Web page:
What were the highlights this year?

  • August: Switched to a phone with a data plan, which actually does make a difference in my looking-up-stuff-and-finding-my-way-around capabilities.
  • September: Attended Quantified Self conference in the US. Spent time with my parents, sister, and brother-in-law.
  • October: Filed corporate taxes!
  • November: Lots of sketchnoting.
  • December: Came up with a name and logo for my company: Experivis.
  • January: Sketched different business ideas.
  • February: Played with more sketchnoting and art.
  • March: Went to the Emacs conference in London.
  • April: Sketched more conferences.
  • May: Posted “How to Learn Emacs.”
  • June: Experimented with Google Hangouts, started working on Quantified Awesome some more, helped work on the patio.
  • July: Made some resources for learning more about sketchnoting; lots of coding and consulting. Oh, and I fixed a rice cooker! =D

Hmm. All this time I’ve been feeling conflicted because I just want to stay home and not travel. It turns out I’d travelled twice in the past year, which could be why I’ve got a slowly-rebuilding travel budget (… and the high fees for replacing a lost passport certainly didn’t help!). Righto. Funny, the things you forget when you’re looking at life day to day.

So, how am I different from the person I was last year?

  • I draw more for myself than for events or presentations. I make little guides like “How to Learn Emacs” or the tutorials I’ve been putting together for sketchnotes. It can be more fun and less frustrating than working on other people’s content, although working on other people’s content is simpler. I like drawing stuff for my own explanations, and I look forward to doing more of that next year. On a related note:
  • I’m more hesitant to make commitments. Scheduling appointments with people? Maaaybe. Committing to professional gigs months in advance? Not if I can find someone else to refer the work to. Committing to cook next week’s open house meal at HackLab? No, although I’m happy to assist. I’ll accept the occasional invitation to sketchnote a pro-bono event, but I make it clear that I might not go depending on whatever comes up. =) It’s partly due to semi-retirement (I’m starting to get addicted to this ability to follow my interest!) and partly because of some other things I want to plan around. I anticipate being even more commitment-avoidant in the near future. Which is all right – people managed to hang out in college and other unstructured environments before, so we can probably figure out how to do so now.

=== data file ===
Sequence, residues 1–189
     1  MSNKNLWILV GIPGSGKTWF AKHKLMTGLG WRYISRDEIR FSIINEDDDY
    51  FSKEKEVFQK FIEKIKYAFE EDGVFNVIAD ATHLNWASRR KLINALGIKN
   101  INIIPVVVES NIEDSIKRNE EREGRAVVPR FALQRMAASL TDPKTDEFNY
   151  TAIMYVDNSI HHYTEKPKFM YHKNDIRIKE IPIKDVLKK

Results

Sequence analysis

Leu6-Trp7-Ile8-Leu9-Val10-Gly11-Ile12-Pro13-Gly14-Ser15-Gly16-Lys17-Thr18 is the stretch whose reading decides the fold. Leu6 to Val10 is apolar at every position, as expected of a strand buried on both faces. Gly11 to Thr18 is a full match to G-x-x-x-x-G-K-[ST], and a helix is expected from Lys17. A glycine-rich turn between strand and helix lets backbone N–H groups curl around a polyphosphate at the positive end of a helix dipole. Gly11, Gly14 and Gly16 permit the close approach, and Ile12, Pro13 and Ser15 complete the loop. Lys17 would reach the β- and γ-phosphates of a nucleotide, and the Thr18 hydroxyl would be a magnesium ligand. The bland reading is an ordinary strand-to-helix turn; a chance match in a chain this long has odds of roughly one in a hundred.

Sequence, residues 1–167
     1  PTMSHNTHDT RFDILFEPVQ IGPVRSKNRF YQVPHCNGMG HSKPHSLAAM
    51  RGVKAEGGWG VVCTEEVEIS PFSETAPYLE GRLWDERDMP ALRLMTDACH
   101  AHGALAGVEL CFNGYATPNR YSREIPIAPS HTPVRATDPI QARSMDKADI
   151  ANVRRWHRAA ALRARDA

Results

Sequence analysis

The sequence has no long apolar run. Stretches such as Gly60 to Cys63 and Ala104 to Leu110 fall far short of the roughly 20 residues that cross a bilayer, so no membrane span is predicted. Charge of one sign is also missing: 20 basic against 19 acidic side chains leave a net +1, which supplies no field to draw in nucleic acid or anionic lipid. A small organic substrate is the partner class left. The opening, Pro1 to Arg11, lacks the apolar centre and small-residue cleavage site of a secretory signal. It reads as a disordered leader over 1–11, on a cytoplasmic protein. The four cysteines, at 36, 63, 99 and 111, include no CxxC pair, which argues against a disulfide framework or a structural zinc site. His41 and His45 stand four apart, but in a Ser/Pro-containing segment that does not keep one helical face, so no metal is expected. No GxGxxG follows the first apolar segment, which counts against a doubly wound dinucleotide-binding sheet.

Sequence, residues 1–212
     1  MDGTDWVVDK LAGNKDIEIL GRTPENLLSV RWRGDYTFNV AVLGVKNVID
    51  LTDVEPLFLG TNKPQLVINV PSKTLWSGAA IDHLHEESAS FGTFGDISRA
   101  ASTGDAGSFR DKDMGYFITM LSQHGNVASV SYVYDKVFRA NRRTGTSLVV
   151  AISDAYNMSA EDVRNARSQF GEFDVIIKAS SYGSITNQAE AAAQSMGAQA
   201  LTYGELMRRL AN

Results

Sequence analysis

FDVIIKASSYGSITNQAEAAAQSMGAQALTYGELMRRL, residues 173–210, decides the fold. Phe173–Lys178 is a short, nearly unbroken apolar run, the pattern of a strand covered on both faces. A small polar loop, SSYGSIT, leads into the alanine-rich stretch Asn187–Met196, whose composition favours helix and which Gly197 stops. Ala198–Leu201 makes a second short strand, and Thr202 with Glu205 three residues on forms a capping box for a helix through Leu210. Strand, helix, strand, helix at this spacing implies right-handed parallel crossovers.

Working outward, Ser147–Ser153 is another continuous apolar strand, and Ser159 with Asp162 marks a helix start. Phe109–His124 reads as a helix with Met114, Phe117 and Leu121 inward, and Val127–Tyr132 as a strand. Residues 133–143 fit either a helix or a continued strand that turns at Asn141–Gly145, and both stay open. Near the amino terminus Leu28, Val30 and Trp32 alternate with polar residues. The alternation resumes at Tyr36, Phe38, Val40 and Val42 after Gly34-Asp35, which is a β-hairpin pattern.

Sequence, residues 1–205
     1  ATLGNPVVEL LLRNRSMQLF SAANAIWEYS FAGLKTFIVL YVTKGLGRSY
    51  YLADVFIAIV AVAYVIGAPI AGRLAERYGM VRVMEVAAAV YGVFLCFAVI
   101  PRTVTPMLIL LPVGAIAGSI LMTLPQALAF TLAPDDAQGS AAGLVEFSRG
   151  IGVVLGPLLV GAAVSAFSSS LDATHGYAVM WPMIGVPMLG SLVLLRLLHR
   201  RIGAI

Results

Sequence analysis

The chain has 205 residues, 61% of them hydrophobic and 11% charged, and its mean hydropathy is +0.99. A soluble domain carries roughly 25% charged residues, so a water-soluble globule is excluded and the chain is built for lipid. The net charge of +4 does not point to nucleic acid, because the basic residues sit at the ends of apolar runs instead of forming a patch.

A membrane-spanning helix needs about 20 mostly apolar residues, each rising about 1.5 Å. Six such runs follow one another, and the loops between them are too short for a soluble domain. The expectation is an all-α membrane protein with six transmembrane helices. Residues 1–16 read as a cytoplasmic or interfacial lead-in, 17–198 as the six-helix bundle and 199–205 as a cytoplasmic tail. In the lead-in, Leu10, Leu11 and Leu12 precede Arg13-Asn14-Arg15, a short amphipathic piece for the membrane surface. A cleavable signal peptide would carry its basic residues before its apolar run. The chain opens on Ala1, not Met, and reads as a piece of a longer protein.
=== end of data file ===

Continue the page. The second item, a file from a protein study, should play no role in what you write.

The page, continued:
• I write longer posts more frequently, and I illustrate them. I decided to take all of August off from consulting (month-long staycation for my birthday gift to me!). I’m not using the time for more event sketchnoting or business experiments. Instead, I’ve been using it to write and learn, which is fantastic – more time to think and research. Since I’m still keeping a one-post-a-day-unless-I-get-super-excited-and-want-to-publish-something-NOW limit, this means I’ve written practically all of this month already, and I’ve been shuffling posts around to see what I can postpone to September. It’s fun to doodle on my blog posts, too.
  • I spend more time with W- or with the HackLab people than with other friends. I naturally spend lots of time with W-, and I try to make it out to HackLab once or twice a week. I see HackLab people more often than I see my other friends. I have to admit: it’s temptingly easier to hang out with people who are used to hanging out with each other. I don’t have to set up individual plans or worry about holding up my end of the conversation. The drop-in structure of HackLab means I don’t have to commit to being there at a specific time – I can just show up (usually after checking the door bot) and see who’s around.
  • I live an even simpler life. We’ve given away things that we haven’t been using. We’ve passed up movie theatres in favour of watching DVDs from the library. We repair things as much as possible instead of throwing them away.